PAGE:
Kim Segal and John Zarrella
[cnn-photo-caption image=http://www.cnn.com/video/us/2010/06/28/zarrrella.oil.shark.tagging.cnn.640×360.jpg caption="It's still unclear if the sharks are avoiding the oil spill" width=300 height=169]
They're at the top of the ocean's food chain - but it is still a mystery how the oil disaster is affecting the shark population in the Gulf of Mexico.
Even if sharks never touch the oil slick, their sources of oxygen and food are at risk. And a reduced shark population could impact the entire Gulf ecosystem, according to Neil Hammerschlag, a researcher at the University of Miami, who has been studying sharks for a decade - tagging them to determine their migratory patterns and other behaviors.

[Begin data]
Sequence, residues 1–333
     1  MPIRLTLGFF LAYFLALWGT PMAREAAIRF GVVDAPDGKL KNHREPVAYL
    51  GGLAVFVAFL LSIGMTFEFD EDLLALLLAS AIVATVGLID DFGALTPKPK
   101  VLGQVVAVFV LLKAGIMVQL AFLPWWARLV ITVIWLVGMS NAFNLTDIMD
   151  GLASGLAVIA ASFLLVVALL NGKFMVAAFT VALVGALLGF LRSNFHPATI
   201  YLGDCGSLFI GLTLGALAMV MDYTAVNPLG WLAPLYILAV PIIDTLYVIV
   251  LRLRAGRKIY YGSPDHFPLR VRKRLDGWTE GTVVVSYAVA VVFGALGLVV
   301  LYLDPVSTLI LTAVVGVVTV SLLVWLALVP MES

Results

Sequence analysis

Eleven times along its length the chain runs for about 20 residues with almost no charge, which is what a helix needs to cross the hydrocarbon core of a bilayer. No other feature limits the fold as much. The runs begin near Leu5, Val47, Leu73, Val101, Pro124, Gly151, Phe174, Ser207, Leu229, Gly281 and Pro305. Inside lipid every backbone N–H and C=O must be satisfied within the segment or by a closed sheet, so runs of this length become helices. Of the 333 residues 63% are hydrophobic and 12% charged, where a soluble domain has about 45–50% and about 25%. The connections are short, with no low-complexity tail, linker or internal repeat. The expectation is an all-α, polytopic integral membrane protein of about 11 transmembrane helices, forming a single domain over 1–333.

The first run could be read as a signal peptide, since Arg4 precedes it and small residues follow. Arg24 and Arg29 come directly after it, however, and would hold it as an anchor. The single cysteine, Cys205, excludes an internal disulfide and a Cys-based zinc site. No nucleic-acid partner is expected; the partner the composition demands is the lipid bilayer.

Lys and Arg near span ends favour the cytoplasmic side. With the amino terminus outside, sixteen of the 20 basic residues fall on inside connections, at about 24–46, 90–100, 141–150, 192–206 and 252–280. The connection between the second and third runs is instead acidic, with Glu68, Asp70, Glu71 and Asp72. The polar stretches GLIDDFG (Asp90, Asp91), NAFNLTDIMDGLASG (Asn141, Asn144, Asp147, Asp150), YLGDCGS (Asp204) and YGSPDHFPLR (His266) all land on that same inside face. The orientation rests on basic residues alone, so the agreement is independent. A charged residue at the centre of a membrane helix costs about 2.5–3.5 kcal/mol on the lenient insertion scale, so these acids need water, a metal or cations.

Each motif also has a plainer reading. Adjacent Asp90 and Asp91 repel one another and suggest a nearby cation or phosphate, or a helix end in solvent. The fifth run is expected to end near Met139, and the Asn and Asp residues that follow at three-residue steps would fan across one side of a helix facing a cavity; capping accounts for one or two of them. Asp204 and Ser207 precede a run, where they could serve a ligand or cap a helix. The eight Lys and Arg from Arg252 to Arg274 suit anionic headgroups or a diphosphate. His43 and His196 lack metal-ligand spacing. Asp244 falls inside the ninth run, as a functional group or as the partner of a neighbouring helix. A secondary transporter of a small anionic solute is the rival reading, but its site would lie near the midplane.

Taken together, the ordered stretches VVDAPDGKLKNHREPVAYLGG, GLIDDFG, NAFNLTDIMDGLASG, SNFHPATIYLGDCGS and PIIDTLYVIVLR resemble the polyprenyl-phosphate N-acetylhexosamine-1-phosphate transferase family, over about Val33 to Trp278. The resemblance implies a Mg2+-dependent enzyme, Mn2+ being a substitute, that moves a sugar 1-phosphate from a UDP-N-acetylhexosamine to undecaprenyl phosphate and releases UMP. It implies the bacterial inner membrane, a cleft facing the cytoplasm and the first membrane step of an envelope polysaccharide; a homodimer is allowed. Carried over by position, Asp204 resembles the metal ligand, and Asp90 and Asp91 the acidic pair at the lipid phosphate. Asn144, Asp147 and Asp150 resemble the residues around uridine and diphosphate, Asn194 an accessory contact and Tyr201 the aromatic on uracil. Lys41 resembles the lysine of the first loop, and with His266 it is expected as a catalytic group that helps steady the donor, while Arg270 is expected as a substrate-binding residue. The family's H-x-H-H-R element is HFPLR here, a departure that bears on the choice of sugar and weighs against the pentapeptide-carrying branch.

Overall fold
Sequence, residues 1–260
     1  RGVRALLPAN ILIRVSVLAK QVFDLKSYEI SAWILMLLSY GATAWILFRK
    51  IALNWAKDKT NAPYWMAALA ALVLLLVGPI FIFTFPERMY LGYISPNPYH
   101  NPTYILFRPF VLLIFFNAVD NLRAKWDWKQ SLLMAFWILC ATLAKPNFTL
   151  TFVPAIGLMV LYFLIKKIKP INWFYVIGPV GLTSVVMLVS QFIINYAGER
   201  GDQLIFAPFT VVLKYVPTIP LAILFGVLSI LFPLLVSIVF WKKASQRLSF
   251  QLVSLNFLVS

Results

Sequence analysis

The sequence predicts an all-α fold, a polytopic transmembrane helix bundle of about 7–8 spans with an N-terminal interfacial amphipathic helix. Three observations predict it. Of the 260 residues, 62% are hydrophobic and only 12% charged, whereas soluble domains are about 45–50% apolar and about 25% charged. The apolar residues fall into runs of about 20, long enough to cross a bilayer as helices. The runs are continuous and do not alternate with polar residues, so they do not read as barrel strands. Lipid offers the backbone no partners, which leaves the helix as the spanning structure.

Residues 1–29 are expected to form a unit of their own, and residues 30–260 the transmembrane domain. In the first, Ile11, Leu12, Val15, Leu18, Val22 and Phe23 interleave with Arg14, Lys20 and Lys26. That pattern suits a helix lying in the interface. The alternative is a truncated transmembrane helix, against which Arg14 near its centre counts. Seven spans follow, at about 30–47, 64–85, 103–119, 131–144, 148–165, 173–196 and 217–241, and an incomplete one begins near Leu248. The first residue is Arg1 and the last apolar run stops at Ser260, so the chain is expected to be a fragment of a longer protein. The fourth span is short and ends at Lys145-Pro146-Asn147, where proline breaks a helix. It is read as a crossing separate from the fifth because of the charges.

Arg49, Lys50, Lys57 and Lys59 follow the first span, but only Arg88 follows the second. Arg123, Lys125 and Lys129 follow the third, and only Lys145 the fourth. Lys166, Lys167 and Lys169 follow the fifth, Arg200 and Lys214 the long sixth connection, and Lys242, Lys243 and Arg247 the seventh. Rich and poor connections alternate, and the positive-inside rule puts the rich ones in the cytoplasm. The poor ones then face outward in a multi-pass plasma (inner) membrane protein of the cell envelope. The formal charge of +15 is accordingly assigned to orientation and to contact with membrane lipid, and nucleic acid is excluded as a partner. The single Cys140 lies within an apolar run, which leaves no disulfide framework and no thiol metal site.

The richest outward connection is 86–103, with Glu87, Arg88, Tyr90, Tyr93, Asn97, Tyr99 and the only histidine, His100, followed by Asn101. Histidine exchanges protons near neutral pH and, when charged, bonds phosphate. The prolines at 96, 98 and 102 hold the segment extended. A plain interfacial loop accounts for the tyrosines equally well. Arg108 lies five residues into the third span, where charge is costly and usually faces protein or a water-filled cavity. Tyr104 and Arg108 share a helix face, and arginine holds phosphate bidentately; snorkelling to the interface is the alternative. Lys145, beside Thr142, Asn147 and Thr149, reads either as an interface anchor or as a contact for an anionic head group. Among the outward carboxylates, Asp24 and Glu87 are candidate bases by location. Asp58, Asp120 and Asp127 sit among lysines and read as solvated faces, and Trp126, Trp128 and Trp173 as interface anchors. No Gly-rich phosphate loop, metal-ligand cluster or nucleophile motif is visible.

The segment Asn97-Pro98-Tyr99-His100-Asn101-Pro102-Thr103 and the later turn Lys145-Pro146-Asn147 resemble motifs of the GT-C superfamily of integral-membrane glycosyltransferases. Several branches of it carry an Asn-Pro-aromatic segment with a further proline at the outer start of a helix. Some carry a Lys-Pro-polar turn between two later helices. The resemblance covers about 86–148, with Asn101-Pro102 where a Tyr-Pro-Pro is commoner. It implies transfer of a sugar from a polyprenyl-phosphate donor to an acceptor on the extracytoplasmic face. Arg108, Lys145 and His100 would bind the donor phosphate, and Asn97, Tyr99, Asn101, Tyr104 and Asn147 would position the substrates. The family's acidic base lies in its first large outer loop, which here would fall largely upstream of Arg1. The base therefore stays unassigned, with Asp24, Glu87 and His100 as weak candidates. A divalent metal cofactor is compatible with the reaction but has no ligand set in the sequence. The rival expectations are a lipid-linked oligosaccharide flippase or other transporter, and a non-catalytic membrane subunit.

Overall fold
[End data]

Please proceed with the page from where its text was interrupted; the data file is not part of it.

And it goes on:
Today, his research focus has changed.
"The oil spill opens up a whole new avenue for critical research," says Hammerschlag.
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